Peter Coffee

By eWEEK Labs  |  Posted 2002-11-18 Print this article Print


With all these obvious arguments against it, Itanium is poised to make its critics look like idiots two years from now.

Technology creators often have to make a difficult choice between protecting current users from unreasonably disruptive change or protecting future users from the errors of the past. The anger of customers today is clearly more of a hazard than the fear of derisive comments by prospective customers tomorrow. Its no surprise, therefore, that most of the errors occur in the direction of taking too long to decide that a change is due.

The coming year will be filled with more chances to make this same mistake, and even the best-considered advice may someday be seen as an example of this error. Ill take the chance.

For example, Intel Corp.s Itanium initiative continues to look like a truly bad idea. It relegates the huge installed base of 32-bit x86 code to run in an emulation ghetto, off in the corner of a chip that will devote the rest of its resources to a completely new instruction set.

Further, it hopes that the IT buyers who will need 64-bit power tomorrow havent already needed it enough to have made a commitment to existing 64-bit hardware from IBM, Sun or other providers. It demands the support of a completely new generation of compilers, debuggers, device drivers and other system software. It also seems like a terribly mistimed arrival-these days, enterprise IT is implacably hostile to anything that looks like change for its own sake.

With all these obvious arguments against it, Itanium is poised to make its critics look like idiots two years from now, when it may be that next year will be generally acknowledged as the year when Itanium turned the price/ performance corner to leave Advanced Micro Devices Hammer in the dust. With its 64-bit superset of the x86 instructions, and its road map toward continued performance improvement for 32- and 64-bit code on a common hardware base, the question is whether Hammers intrinsic hardware complexity has the headroom it will need-or if Itaniums gamble on shifting complexity to system software will pay off. Im betting on AMD.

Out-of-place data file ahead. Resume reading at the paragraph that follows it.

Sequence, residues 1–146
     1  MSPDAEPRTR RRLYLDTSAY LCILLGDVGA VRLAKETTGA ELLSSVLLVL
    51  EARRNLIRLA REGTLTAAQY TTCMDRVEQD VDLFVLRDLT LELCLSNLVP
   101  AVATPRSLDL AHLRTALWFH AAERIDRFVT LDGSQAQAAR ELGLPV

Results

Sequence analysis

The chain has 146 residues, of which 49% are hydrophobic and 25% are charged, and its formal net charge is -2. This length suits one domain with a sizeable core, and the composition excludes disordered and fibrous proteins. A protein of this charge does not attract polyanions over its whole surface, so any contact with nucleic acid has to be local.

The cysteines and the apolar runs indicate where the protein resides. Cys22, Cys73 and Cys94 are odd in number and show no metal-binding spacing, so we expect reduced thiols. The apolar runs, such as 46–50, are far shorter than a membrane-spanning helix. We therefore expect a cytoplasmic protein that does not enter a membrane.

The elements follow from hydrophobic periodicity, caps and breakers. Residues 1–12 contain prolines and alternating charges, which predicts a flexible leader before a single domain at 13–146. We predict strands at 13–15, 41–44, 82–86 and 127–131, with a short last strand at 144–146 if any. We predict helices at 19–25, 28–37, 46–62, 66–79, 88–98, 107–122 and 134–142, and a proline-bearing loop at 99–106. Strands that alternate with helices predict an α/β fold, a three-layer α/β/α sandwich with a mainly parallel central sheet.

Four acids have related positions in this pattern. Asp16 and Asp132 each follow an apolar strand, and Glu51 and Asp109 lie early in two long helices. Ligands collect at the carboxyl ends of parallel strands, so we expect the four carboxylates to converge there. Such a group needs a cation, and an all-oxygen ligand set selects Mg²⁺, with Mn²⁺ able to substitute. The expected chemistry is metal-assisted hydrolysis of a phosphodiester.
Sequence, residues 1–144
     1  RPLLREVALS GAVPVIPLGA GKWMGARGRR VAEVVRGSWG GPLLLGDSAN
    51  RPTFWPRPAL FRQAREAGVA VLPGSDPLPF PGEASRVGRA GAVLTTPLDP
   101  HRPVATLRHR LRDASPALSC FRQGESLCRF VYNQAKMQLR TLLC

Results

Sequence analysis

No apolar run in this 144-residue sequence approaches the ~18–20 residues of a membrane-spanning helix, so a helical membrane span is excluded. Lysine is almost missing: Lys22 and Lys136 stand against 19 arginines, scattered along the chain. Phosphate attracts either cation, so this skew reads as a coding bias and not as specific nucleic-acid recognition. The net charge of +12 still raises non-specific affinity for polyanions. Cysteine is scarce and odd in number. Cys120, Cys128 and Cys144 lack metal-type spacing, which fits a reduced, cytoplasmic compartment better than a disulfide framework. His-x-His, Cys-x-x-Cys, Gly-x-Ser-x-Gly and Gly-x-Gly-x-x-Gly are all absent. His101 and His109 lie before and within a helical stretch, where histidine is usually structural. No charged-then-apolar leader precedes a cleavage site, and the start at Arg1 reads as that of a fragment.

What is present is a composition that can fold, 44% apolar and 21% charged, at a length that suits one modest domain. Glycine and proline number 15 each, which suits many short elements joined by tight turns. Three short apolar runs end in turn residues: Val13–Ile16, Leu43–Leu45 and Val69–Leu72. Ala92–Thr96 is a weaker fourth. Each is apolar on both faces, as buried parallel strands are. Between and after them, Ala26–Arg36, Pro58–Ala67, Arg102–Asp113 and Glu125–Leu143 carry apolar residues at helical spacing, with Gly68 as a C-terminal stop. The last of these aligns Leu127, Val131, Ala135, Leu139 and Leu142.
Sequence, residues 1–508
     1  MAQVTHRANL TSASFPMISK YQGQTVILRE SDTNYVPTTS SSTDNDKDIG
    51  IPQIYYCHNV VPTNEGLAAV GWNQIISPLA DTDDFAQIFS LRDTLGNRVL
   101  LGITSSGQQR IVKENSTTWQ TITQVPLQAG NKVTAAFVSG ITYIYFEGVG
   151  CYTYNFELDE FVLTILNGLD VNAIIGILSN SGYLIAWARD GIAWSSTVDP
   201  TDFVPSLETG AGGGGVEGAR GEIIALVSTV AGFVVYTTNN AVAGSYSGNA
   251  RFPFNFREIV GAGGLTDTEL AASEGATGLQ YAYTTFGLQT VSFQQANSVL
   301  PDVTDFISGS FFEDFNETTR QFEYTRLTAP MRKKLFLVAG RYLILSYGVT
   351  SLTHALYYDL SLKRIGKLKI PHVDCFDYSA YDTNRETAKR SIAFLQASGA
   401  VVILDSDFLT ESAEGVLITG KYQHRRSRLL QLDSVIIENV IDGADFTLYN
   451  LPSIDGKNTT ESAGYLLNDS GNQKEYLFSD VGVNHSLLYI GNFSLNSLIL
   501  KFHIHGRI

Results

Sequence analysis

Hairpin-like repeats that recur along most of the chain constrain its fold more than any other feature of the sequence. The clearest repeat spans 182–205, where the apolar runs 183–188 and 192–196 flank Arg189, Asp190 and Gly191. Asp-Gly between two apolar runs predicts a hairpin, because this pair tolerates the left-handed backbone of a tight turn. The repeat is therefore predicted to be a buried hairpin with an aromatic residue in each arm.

Ill take a similar risk in my other beat, application development technologies. The coming year will mark developers first full year of access to a shipping Visual Studio .Net, and thus to Microsofts Common Language Infrastructure, with its claimed advantages over Java.

At the end of next year, its my expectation that Java will not only be still standing but also still growing in enterprise acceptance. To paraphrase Sun Fellow and Vice President James Gosling, in a conversation that we had earlier this year, sometimes language design is more about making it impossible to do stupid things than about making it possible to do extremely clever (but also quite dangerous) things.

I see more problems arising from software thats stupid than from software thats not as clever as it could be-and thats why Java still looks good to me in 2003.


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